Post-meiotic transcription is widespread in mammalian spermatogenesis, but is generally believed to be absent from Drosophila spermatogenesis. Genes required during meiosis, in early spermatids or later in spermiogenesis are typically transcribed in primary spermatocytes in Drosophila. Their mRNAs are then stored in the cytoplasm until the protein product is needed. Recently, using in situ hybridization, we identified 17 Drosophila genes, collectively named ‘comets’ and ‘cups’, whose mRNAs are most abundant in, and localize to the distal ends of, elongating spermatids. Using a single-cyst quantitative RT–PCR (reverse transcription–PCR) assay, we confirmed this unusual expression pattern and conclusively demonstrate the existence of post-meiotic transcription in Drosophila spermatids. We found that transcription of comets and cups occurs just before protamines can be detected in spermatid nuclei.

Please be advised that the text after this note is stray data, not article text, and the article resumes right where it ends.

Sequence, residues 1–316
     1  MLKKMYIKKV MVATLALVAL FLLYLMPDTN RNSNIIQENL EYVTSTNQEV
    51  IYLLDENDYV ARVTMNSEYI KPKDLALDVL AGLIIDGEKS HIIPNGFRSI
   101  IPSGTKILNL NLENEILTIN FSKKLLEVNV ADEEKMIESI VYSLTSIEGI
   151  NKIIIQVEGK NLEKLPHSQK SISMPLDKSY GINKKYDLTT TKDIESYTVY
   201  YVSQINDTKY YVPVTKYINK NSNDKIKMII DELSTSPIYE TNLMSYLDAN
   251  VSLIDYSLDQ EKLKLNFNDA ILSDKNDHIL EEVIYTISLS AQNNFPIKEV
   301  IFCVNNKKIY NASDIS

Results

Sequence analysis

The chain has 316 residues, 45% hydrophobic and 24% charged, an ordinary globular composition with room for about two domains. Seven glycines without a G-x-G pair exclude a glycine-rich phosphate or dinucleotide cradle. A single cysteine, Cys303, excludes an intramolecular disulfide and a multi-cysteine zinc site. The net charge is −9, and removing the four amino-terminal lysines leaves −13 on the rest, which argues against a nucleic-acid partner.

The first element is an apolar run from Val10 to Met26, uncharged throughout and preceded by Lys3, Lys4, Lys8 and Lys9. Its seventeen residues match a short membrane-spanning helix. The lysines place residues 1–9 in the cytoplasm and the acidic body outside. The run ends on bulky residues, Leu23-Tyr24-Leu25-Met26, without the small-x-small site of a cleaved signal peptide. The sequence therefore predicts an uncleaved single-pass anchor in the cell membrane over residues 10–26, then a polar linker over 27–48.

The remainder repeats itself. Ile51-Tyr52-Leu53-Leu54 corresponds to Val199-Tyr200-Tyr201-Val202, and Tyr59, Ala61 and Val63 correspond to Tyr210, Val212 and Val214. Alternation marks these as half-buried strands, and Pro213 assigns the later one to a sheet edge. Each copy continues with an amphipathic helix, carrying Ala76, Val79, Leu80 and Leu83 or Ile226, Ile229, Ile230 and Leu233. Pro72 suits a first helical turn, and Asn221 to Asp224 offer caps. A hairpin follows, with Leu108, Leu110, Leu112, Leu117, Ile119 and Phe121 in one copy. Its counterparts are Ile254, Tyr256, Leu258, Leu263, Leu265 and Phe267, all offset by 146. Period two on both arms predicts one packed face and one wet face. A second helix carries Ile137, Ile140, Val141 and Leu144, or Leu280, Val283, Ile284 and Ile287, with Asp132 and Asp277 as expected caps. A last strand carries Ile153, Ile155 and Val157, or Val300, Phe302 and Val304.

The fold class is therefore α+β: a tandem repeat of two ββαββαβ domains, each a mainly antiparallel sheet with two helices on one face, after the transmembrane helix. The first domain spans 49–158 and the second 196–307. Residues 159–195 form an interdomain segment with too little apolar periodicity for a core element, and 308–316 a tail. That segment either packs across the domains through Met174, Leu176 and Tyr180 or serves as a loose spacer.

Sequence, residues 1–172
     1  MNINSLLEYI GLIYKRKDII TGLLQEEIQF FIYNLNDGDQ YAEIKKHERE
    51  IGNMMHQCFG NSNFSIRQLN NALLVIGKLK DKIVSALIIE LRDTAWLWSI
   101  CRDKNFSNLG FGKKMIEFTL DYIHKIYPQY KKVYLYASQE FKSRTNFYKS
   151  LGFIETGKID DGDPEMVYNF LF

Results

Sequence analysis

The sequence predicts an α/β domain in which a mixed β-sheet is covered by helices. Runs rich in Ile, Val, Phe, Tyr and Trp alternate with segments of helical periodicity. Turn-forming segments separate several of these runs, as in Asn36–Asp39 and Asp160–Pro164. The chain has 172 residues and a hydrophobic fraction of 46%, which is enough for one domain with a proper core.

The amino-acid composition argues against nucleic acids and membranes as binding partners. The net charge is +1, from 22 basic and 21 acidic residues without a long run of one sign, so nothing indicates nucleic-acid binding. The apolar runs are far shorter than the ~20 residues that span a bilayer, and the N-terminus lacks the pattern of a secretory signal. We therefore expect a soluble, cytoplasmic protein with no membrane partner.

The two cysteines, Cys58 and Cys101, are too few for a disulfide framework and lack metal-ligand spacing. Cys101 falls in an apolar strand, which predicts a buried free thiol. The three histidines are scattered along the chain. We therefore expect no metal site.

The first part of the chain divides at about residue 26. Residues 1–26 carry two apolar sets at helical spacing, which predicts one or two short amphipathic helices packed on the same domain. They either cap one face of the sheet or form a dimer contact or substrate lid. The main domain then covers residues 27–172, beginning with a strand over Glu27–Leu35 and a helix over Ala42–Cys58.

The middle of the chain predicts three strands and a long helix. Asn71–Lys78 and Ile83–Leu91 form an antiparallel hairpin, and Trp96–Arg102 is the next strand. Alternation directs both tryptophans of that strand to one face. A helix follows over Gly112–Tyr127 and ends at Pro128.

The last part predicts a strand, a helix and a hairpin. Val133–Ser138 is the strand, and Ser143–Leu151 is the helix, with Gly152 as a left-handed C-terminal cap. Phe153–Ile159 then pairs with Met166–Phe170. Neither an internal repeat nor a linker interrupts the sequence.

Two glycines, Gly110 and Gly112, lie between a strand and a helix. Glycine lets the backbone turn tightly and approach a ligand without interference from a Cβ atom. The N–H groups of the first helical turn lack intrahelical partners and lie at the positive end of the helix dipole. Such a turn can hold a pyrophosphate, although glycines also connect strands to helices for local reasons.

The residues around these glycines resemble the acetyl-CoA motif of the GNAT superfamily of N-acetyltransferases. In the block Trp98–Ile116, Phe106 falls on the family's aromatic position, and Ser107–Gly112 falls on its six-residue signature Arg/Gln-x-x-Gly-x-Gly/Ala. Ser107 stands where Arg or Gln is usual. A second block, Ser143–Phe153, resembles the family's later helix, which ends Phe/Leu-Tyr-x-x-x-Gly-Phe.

Comet and cup genes in Drosophila spermatogenesis: the first demonstration of post-meiotic transcription
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Carine Barreau, Elizabeth Benson, Helen White-Cooper; Comet and cup genes in Drosophila spermatogenesis: the first demonstration of post-meiotic transcription. Biochem Soc Trans 1 June 2008; 36 (3): 540–542. doi: https://doi.org/10.1042/BST0360540
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